It was Jacob Haish who used patents to try and beat Glidden and Ellwood to market. From there, the game was on.
So how many ways can you design barbed wire?
A website called InsaneTwist.com says 800 with about 2,000 variations. A US National Park Service site says over 500 patents. Ellwood’s company quickly grew to dominate the market for barbed wire. Which led to about 150 smaller producers with competing patents and designs to file lawsuits against his company for monopolizing the market. These small fry wire producers were called moonshiners.
The National Park Service site also notes there are 2,000 variations on the over 500 patents because individual farmers rolled their own barbed wire. They used designs they had seen, improved designs they had seen, or created their own ideas.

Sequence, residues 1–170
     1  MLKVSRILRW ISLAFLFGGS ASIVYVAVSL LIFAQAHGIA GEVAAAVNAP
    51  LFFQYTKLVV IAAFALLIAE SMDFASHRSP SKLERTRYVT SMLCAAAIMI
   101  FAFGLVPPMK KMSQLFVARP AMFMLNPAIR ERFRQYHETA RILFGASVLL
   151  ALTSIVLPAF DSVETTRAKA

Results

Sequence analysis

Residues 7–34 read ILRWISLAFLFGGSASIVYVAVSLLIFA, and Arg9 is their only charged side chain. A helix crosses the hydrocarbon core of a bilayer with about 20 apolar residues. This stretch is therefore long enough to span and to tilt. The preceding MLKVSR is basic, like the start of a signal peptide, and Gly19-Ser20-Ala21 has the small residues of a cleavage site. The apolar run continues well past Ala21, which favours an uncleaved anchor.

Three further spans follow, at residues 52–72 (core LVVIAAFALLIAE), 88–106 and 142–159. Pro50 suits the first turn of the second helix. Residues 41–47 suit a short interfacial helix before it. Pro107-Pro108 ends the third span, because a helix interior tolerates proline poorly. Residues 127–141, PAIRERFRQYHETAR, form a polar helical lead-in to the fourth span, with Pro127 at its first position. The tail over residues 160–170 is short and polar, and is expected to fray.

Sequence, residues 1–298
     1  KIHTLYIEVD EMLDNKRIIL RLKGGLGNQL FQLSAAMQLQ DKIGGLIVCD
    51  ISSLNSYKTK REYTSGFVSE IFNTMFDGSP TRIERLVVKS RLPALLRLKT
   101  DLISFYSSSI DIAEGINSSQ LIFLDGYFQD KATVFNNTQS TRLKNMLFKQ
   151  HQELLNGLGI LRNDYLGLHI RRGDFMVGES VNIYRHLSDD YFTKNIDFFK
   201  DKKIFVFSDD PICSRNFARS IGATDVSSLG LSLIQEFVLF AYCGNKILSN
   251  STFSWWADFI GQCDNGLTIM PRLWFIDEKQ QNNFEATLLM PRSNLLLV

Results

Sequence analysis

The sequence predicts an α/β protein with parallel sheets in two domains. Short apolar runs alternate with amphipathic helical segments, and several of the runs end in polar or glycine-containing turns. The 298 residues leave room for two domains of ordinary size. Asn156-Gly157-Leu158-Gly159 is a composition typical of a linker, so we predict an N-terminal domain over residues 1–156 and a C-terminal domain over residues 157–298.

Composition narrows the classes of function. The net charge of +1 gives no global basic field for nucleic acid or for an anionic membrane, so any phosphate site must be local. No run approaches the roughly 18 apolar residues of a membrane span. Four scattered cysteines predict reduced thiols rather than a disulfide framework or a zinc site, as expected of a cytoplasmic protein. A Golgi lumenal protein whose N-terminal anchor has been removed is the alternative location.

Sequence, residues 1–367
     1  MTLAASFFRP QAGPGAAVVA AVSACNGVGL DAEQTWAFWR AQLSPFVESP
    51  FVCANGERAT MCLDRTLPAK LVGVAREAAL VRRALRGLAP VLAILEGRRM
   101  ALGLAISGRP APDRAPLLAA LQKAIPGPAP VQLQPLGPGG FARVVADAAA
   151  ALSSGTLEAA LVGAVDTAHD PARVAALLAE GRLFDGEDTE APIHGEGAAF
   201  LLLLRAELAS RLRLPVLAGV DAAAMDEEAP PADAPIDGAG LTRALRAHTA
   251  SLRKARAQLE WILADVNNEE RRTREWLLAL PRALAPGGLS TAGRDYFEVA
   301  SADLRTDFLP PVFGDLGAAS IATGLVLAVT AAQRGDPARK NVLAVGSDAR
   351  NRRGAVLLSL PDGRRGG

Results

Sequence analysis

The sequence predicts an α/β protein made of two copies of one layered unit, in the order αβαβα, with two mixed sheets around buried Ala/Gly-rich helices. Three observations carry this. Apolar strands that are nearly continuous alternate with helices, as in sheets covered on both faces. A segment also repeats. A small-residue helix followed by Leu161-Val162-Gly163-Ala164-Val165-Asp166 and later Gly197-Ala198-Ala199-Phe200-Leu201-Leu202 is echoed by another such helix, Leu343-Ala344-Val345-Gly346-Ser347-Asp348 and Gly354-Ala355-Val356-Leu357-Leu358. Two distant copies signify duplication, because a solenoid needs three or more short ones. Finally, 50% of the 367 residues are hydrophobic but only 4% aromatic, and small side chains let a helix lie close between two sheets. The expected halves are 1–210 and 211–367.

One noteworthy detail: from Haish’s patent lawsuits to block Glidden and Ellwood, the patent lawsuit game evolved to others suing Ellwood’s company before it evolved to Ellwood’s company using lawsuits to shut down the small fry moonshiners.
What is Barbed Wire?
The InsaneTwist.com site mentions in passing much barbed wire actually were not wire. They were cut steel patterns with sharpened edges attached to wire.
The primary benefit of barbed wire for fences is its simplicity. You only need the wire, fence posts, and staples to attach wire to the posts. Sounds like building a simple do-it-yourself website with Wix.com, WordPress.com, Blogger.com, or similar.
The Development and Rise of Barbed Wire
The Early Years: A Brief History of Barbed Wire
Fencing the Great Plains
Barbed Wire (Wikipedia)
Amazing Barbed Wire Patents
Also In The March 2014 Issue